Grain Growers of Canada lobby Parliament Hill

Agriculture can help restart Canada's economy and the federal government help by addressing some issues, group says

Cherilyn Jolly-Nagel. (GGC video screengrab)

Agriculture can help revitalize Canada’s post-COVID economy, but the federal government should clear the track for it.

That means updating regulations to encourage technological innovation, improving market access for agricultural exports and recognizing farm practices that help the environment, Grain Growers of Canada (GGC) says.

The organization, which represents 15 regional, provincial and national grain farmer groups, took that message to Ottawa last week during its post-harvest lobby effort, GGC executive director Erin Gowriluk said in an interview Tuesday.

“Our theme is ‘Growing Back Better’ and we’re building on the government plan to build back better,” she said. “That’s really about what Canadian farmers need to position the sector as one that is really going to contribute to the post-pandemic economic recovery.”

Why it matters: The federal government has identified increased agriculture and food exports as way to boost Canada’s economy, but the Grain Growers of Canada say the federal government can help agriculture to do more.

Canadian farmers rely heavily on exports, but there are no exports without access to international markets. The Canadian government has focused on negotiating and ratifying new trade agreements.

“We are actually calling on the government for a policy pivot with respect to international trade,” Gowriluk said.

“Let’s implement and enforce those trade deals. And then let’s look very closely at the market access challenges we’re having in India and China where we don’t have free trade agreements, but we do need more government support.”

In March 2019 China all-but-ceased importing canola seed from Canada, claiming it was contaminated with weed seeds and plant diseases. But it was widely believed to be in retaliation for Canada’s arrest of Chinese tech giant Huawei’s chief financial officer Meng Wanzhou in Vancouver in December 2018 at the U.S. government’s behest.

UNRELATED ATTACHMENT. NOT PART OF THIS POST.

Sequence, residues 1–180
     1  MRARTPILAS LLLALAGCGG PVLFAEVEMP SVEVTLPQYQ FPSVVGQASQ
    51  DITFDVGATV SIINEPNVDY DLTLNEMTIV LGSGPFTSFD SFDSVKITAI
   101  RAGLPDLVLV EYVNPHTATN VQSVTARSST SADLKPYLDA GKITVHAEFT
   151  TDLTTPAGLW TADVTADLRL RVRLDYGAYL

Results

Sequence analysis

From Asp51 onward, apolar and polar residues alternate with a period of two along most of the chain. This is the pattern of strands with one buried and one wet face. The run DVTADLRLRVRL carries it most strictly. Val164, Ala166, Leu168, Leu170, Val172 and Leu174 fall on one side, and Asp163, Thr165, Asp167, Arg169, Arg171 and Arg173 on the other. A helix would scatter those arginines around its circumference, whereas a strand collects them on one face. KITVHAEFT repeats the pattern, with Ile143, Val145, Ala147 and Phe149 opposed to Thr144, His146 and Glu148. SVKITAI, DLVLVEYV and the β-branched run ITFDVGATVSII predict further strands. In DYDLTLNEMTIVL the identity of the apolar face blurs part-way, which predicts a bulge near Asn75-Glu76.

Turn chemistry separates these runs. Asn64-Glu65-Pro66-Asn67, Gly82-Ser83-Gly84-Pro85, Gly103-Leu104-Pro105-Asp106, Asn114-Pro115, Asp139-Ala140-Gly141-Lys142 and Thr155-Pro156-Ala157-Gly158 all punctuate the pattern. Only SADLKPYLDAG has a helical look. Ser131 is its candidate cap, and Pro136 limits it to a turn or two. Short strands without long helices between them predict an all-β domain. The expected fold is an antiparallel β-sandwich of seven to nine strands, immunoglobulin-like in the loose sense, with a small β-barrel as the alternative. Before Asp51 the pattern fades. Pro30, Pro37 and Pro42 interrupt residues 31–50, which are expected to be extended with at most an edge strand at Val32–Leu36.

Canadian canola oil and soybean exports to China fell too. Although canola seed and oil exports to China have increased since, they haven’t fully recovered.

Tariffs have also disrupted Canadian pulse exports to India.

“Certainly China banning exports of canola has hurt us,” Saskatchewan farmer Paul Thoroughgood said in the GGC video, entitled Today’s Modern Grain Farm: A Harvest Across Canada.

“It probably knocked 50 cents to a dollar off the price, which immediately hits your bottom line. It also hurt our ability to deliver and be able to make cash flow…”

The video debuted Monday as the GGC launched its lobby effort with around 100 MPs and senators taking part online, Gowriluk said.

Saskatchewan farmer Cherilyn Jolly-Nagel says in the video that China’s trade action “keeps me up at night, that’s how concerned I am about it.”

Canada needs to diversify its markets, she added.

For the full story, see the Nov. 26 edition of the Manitoba Co-operator.

— Allan Dawson is a reporter for the Manitoba Co-operator at Miami, Man.

Paul Thoroughgood
(Resource News International) -- Cash bids for feed barley in Western Canada have managed to strengthen over the past number of weeks, but the upside continues to be limited. "The main reason for the firmness in cash barley bids is that producers have remained reluctant sellers," said Jerry Klassen, manager with G.A.P. Grain and Products in Winnipeg. "I was talking to some trucking firms, who indicated they haven't been out to collect feed barley from producers for over five weeks in some cases." The refusal of producers to deliver and the need of some feedlots to cover nearby commitments has translated into the firmer bids, he said. The firm feed barley cash bids, however, were not seen lasting for very much longer. "The value of U.S. corn has been steadily falling in anticipation of record acreage and record production, and with that decline the prospects of increased U.S. corn imports into Western Canada are rising," Klassen said. He also warned that with the prospect of increased ethanol output in the U.S. comes increased distillers dried grain (DDG) availability, which end-users in Canada will easily accommodate. He noted feedlots have DDG needs covered through to September already. "Right now feedlots are using a combination of feed barley, silage and U.S. DDGs," he said. "That is going to change soon to U.S. corn, U.S. DDGs and silage." Western Canadian feedlots will turn to U.S. corn when the spread between feed barley and U.S. corn hits $15, delivered into southern Alberta. Cash bids for feed barley, delivered to the elevator in Saskatchewan, based on Prairie Ag Hotwire data, currently range from C$2.31 to $2.74 a bushel, in Manitoba $2.64-$2.79 and in Alberta $2.33-$3.51. Cash bids for feed barley, delivered to the elevator in Saskatchewan, based on Prairie Ag Hotwire data in early June, ranged from $2.06 to $2.39 a bushel, in Manitoba $2.38-$2.68 and in Alberta $2.22-$3.37.

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